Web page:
By Juan Barquin
By Amy Nicholson
By Alan Scherstuhl
By Travis Cohen
By Juan Barquin
By Stephanie Zacharek
By Amy Nicholson
By Juan Barquin
Glimcher's film is a skeleton story beside the novel's near-400 pages of misty-eyed remembrance. The attempt is to simply and chronologically follow the adventures and misadventures of Cesar and Nestor Castillo, up-and-coming mamberos from Cuba, who leave the island in 1952 - for personal-safety, not political, reasons - to become stars of the night-owl, mambo-craze musical scene in the United States at the time. (1952 was an exile year of sorts: Fulgencio Batista overthrew Carlos Prio and had himself "elected" president; the events of The Mambo Kings, therefore, precede Fidel Castro's raid at the Moncada barracks in 1953, his imprisonment and release from the Isle of Pines in 1955, and his return to Cuba on the Granma in 1956, let alone the revolution of 1959.) There's a brief, pre-title sequence in Havana, explaining the brothers' exodus (Nestor's love for Maria, the girlfriend of a threatening Havana club gangster, played by the ever-succulent, peachy Talisa Soto, speaking SoCal-variety Espanol, with subtitles). Thus they head off, drumsticks, trumpet, and music paper in hand, for Nueva York - and a predestined date with Desi Arnaz.
Mambo Kings exceeds well enough in recapturing the penumbral blue lights, the velvety, cavernous interiors, and the sleek elegance of night clubs and cabarets of the early 1950s. The film doesn't go wrong, musically speaking, with the likes of Tito Puente and Celia Cruz (how could it?), here making more distinguished histrionic appearances than in Salsa!, which was hilariously embarrassing. La reina Celia, unfortunately, is relegated to the small part of Evalina Montoya, of the Club Babalu, so all she's asked to do - until the end credits, when she swings and blazes - is ramble in halting barrio English about Yemaya, Chango, and mambo. This is the single instance in which the accent is authentically bad (and, therefore, authentically affecting), quite the opposite of Desi Arnaz, Jr., who normally sounds about as Latin as Dan Quayle, and who attempts in this film to resurrect - oh-so-badly! - Desi Sr.'s famous cubiche delivery in English.
But the casting of Cathy Moriarty as Cesar's cigarette-girl paramour, Vanna Vane (she's called Lanna Lake in the movie - why?), pays off. Moriarty is bombshell-blond, all curves, and more luscious than an ice-cream sundae. She's perfect for this baritonal buttercup, the kind of oversexed, full-figured gal men all over America (and the world) in the Fifties swooned over, as the popular movies of Marilyn Monroe, Jane Russell, and Jayne Mansfield bear witness to. Her performance doesn't merely suggest the pleasures of the flesh, it oozes them, which makes it all the more frustrating that her band-leader boyfriend and perennial bed partner, Cesar (played by Armand Assante), is such an actorish phoney.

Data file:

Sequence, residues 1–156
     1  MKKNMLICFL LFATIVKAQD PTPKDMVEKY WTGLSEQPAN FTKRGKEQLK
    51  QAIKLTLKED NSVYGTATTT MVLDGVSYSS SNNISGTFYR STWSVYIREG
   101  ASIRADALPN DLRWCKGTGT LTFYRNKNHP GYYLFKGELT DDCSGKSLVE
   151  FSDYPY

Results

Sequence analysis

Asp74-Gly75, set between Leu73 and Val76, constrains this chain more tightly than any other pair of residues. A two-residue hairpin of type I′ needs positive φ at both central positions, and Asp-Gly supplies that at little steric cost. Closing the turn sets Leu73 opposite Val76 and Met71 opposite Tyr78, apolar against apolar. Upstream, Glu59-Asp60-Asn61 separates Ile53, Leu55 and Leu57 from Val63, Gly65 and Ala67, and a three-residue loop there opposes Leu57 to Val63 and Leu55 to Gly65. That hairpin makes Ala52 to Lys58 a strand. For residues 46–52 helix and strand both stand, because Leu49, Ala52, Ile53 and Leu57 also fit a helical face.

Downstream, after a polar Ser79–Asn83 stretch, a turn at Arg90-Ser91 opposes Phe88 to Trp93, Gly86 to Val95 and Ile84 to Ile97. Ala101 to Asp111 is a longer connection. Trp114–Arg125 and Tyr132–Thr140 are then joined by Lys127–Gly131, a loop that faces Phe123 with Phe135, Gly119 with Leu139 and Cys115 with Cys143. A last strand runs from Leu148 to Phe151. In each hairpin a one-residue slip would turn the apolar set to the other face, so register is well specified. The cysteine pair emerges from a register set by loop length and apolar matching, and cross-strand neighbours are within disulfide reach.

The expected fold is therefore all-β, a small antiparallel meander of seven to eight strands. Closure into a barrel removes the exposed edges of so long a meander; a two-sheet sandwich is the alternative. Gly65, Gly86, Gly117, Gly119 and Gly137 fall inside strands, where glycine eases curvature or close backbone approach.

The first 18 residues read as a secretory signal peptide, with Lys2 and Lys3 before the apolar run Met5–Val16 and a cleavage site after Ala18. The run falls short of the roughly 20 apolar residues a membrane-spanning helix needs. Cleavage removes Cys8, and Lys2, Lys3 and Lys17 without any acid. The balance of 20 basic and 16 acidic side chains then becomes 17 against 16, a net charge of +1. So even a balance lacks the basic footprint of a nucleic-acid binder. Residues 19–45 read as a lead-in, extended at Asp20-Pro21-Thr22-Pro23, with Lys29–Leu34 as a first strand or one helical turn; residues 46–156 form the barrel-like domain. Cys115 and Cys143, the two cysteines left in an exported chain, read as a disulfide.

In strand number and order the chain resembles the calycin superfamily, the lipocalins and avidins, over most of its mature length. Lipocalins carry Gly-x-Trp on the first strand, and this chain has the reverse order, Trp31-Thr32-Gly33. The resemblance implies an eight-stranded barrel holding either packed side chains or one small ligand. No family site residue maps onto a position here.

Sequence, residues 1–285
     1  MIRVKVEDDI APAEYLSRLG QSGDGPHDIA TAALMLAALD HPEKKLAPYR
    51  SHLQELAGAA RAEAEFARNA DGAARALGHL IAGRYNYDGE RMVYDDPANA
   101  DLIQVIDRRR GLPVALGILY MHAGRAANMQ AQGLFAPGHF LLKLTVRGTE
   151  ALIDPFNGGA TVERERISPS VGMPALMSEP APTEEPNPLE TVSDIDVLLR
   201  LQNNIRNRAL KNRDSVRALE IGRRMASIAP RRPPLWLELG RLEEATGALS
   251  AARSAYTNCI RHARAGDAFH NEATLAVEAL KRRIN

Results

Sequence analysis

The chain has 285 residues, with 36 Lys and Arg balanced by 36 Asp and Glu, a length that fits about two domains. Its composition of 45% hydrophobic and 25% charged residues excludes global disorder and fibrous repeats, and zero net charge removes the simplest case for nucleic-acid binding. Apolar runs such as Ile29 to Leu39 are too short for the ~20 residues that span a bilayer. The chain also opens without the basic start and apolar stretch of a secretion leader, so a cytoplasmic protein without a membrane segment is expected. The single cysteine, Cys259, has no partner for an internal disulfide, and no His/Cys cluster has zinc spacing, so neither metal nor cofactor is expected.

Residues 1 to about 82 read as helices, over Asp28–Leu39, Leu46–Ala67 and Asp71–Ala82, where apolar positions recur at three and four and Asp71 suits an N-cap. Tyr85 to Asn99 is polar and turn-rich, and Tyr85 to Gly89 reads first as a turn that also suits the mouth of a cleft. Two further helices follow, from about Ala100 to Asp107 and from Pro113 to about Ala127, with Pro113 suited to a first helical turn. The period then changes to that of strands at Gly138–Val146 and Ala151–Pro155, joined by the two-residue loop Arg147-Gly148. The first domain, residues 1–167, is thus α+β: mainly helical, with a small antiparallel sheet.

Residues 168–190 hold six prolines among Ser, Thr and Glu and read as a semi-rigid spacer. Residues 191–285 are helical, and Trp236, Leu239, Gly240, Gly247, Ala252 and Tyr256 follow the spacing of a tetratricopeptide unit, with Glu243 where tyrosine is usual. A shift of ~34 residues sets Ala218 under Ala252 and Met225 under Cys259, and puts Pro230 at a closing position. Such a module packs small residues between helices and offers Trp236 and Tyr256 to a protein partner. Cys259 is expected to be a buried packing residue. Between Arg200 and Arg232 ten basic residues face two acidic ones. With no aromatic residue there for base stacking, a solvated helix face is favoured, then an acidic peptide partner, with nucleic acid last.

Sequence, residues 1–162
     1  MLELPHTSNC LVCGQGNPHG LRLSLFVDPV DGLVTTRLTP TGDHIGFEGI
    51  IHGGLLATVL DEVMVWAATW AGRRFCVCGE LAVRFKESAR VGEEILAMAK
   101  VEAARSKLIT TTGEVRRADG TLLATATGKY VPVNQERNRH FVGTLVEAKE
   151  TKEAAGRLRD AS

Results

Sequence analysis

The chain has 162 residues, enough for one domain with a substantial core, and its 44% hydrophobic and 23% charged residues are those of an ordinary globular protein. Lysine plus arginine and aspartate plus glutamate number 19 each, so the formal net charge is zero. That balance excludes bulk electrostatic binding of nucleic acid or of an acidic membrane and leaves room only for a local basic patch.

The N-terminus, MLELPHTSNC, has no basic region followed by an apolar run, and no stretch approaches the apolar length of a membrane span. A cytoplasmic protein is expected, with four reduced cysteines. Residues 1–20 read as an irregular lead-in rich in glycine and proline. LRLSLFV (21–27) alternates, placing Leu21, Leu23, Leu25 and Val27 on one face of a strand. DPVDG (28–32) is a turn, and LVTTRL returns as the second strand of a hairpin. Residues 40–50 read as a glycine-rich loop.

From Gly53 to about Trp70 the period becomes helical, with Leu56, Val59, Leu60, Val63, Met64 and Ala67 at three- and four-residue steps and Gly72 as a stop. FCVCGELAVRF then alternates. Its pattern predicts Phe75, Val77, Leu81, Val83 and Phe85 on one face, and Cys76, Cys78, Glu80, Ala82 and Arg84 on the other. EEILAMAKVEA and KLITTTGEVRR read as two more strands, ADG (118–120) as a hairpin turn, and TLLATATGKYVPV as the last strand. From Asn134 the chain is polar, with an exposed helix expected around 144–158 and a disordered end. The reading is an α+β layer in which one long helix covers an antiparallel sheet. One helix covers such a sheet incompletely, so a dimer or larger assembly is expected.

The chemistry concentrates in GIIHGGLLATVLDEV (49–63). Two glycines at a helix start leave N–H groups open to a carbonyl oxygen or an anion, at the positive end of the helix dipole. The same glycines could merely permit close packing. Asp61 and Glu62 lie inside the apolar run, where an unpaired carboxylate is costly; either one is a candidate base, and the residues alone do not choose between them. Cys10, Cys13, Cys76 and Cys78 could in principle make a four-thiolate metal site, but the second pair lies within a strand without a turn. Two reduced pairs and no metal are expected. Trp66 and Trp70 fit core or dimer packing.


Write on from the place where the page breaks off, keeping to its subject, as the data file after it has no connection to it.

I've never understood the appeal of Armand Assante - even the name sounds like low-grade perfume. Non-Hispanics might be conned by Assante's arms-wide, hyperactive machismo and think it's a realistic portrayal of a Cuban; non-Greeks were taken in by Anthony Quinn's Zorba, too. But even if Armand prayed to San Lazaro every day, reverentially bowed his head to the music of Ernesto Lecuona, drank gallons of malta, and consumed vats of ropa vieja to play Cesar Castillo, he still reeks. When Cesar makes love to Lanna in the movie - one of many such scenes in the book - and coos to her "Te quiero, baby," the dismembered English and Spanish leave you confused: Is this amante Lebanese, Latvian, Liberian, or lunatic? Sweet, doe-eyed Antonio Banderas, playing Nestor Castillo, at least has a natural Hispanic tang for his Cubano, and, initially at least, the Malaga-born actor - alter-ego to Pedro Almodovar in his Babylonian Madrid stories of the Eighties - threatens to run away with the picture. But Banderas looks immensely silly blowing that horn. The Indeterminate Exile Accent Award goes to Maruschka Detmers (born in Holland), pretty as a tulip and about as criolla as a wheel of Gouda cheese, who plays Nestor's wife, Dolores.
But what about that romantic bolero, "Beautiful Maria of My Soul," the tune that takes Cesar and Nestor to the summit of their expatriate dreams, a guest appearance with Desi on I Love Lucy? Composed by Robert Kraft with lyrics by director Glimcher, it appears and reappears throughout the film like a broken 78rpm. Hijuelos describes "Beautiful Maria of My Soul" in the novel as a "song about love so far away it hurts; a song about lost pleasures, a song about youth, a song about love so elusive a man can never know where he stands; a song about wanting a woman so much death does not frighten you, a song about wanting that woman even when she has abandoned you." Well, I'm afraid "Beautiful Maria" is more a song about love so far-fetched it hurts like hell, a song about elusive love so overwrought a man couldn't possibly know where he stands - except maybe the Fontainebleau Hilton on Miami Beach on amateur night - and so much about wanting that woman, waxing sickly sweet all the time, that maybe death is the only expedient way out.
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